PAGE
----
It’s a procedural in which we know the details of the murder but have to work out what Ishigami has done subsequently, and we follow the police’s investigation as they probe Yasuko’s alibi, Yukawa’s informal enquiries, which prove to be far more perceptive, and Ishigami’s string-pulling.  Both Ishigami and Yukawa are aware of the dangers of making assumptions, how easy it is to assume a problem is of a particular kind, funneling efforts to solve it in a particular direction, when it is of a totally different kind and requires alternative methods.  They discuss abstract concepts, but there is always a practical subtext applicable to the issue at hand.  Mathematics and physics are shown to be ideal disciplines for both criminals and detectives because of the mental rigour and readiness to explore alternative avenues they entail.  Against either, intuition-led police work, happy with a single answer that fits the evidence when there might be other more complex ones that are actually closer to the truth, is inferior in cutting through appearance to essence.

In all this jousting Yasuko is a pawn, told what to say and do by Ishigami.  Even she, we learn at the end, had no idea of the lengths he was prepared to go in order to protect her and Misato, and she is shocked when she learns the extent of his secret devotion to her.  It’s a bleak conclusion as Ishigami, even with his intelligence, finds that for all his efforts he has merely made things far worse.  The possibility of having himself to make a supreme sacrifice had been at the back of his mind from the start, and it is a fate that he is happy to accept as long as Yasuko is safe.  If that is not achieved, then it is all for nothing.

It’s a clever plot, worked out with precision, but there are weaknesses.  For a start the stimulus for Ishigami’s devotion, when revealed at the end, does not seem substantial enough to justify the lengths he is prepared to go to help this rather ordinary, if physically attractive, single mother.  Then the police possess a surprising tunnel vision in their focus on Yasuko as a suspect.  Togashi is a dubious character who had been fired from his job for dishonesty.  His trajectory since had been even further downhill.  Yet the police fixate on his ex-wife simply because they learn that Togashi had been trying to discover her new address.  We never hear that they have checked out associates past or present for someone more likely to have killed him.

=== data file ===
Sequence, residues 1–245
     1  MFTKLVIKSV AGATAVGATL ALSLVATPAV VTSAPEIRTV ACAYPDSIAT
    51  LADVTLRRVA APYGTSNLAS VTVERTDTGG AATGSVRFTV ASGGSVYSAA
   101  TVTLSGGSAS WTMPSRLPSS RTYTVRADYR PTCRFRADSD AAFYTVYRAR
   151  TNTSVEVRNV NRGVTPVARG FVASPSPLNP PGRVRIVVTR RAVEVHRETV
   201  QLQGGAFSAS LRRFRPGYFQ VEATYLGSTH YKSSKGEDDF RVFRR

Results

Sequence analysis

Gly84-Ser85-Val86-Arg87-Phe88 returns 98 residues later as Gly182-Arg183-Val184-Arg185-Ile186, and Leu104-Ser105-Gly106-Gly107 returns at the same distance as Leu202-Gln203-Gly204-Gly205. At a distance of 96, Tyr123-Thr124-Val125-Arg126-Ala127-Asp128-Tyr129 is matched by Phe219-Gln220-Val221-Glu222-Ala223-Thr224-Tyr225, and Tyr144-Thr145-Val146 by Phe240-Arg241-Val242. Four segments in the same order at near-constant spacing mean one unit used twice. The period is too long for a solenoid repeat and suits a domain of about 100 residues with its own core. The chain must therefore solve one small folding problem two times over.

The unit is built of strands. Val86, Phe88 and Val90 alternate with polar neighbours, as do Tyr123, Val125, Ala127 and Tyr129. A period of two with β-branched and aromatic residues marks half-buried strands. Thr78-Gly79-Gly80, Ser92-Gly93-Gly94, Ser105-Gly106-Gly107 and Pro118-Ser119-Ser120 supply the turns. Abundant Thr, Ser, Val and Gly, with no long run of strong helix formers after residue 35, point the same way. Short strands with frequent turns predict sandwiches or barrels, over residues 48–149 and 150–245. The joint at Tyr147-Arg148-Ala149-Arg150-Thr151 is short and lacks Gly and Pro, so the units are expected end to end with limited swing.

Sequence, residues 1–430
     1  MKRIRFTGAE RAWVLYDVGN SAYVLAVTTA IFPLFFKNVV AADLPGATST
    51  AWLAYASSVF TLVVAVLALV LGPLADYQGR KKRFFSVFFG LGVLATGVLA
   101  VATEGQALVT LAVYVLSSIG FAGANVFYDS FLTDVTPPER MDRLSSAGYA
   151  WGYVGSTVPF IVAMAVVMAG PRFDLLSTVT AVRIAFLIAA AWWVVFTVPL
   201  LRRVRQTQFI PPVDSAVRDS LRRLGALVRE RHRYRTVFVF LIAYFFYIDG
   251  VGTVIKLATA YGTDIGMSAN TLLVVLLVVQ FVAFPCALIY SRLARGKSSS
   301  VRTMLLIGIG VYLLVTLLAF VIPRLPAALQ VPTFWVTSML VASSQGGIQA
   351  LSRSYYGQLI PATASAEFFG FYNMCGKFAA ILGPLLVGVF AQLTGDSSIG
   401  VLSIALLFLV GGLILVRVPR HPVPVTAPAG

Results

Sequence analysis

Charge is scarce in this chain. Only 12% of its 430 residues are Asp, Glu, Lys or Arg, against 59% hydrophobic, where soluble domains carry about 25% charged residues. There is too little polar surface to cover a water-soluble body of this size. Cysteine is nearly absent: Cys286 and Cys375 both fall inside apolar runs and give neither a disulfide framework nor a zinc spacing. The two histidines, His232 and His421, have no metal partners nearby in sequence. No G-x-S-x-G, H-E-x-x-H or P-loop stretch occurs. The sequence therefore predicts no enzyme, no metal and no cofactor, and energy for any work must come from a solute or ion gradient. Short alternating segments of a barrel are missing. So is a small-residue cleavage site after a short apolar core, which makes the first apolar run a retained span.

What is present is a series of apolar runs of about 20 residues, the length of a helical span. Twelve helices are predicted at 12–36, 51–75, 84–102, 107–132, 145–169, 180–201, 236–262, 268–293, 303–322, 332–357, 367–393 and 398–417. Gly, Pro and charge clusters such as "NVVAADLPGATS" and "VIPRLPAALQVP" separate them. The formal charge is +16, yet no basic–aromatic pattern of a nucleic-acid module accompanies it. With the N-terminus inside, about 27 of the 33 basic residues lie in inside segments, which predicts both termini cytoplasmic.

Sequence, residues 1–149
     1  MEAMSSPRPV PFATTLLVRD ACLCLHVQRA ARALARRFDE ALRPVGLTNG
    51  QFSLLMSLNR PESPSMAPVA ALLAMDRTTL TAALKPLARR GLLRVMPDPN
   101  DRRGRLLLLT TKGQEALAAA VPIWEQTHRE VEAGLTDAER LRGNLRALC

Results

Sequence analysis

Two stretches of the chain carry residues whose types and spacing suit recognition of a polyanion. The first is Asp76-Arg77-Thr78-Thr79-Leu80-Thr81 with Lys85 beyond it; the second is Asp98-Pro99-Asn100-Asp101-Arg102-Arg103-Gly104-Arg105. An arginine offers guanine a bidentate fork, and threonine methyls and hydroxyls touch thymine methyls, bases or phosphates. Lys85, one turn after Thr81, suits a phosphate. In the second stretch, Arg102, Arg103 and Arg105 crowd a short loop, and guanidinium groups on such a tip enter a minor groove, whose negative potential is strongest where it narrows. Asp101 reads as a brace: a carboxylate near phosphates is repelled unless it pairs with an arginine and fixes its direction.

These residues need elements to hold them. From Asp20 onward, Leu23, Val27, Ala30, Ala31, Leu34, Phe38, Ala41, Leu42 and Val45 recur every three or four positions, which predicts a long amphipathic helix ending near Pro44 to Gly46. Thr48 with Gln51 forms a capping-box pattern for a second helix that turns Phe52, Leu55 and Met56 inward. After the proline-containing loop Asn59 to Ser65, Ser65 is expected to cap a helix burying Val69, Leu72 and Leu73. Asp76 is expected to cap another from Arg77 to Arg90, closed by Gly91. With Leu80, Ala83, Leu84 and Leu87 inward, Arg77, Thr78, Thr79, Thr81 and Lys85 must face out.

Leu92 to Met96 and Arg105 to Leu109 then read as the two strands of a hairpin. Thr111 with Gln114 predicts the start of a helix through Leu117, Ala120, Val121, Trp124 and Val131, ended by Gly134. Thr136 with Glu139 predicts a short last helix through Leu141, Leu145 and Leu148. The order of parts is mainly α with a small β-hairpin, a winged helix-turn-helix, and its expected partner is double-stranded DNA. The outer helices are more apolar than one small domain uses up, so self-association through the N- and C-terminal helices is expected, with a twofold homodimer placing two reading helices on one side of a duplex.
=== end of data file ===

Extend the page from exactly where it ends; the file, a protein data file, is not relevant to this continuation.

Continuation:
It’s also rather convenient that Ishigami, Yukawa and Kusanagi are connected.  Yukawa is only involved because he is Kusanagi’s friend and without his knowledge of Ishigami’s abilities the investigation might have reached a different outcome.  Yukawa eventually comes up with the correct solution, but as he admits, he has no proof.  He has apparently forgotten what he said when rejecting the scenario suggested by Ishigami’s red herrings, about a particular hypothesis not necessarily being right simply because it fits the facts and not being accepted until alternatives had been examined; there could have been still other solutions that conformed to the evidence – a somewhat tricky problem of inductive reasoning.  Kusanagi’s policeman’s intuition based on experience, for all its limitations, does after all have a place in detection.   The novel’s translation is serviceable but the American vocabulary may grate a little on English ears.  Even with these flaws The Devotion of Suspect X is a satisfactory piece of Japanese engineering.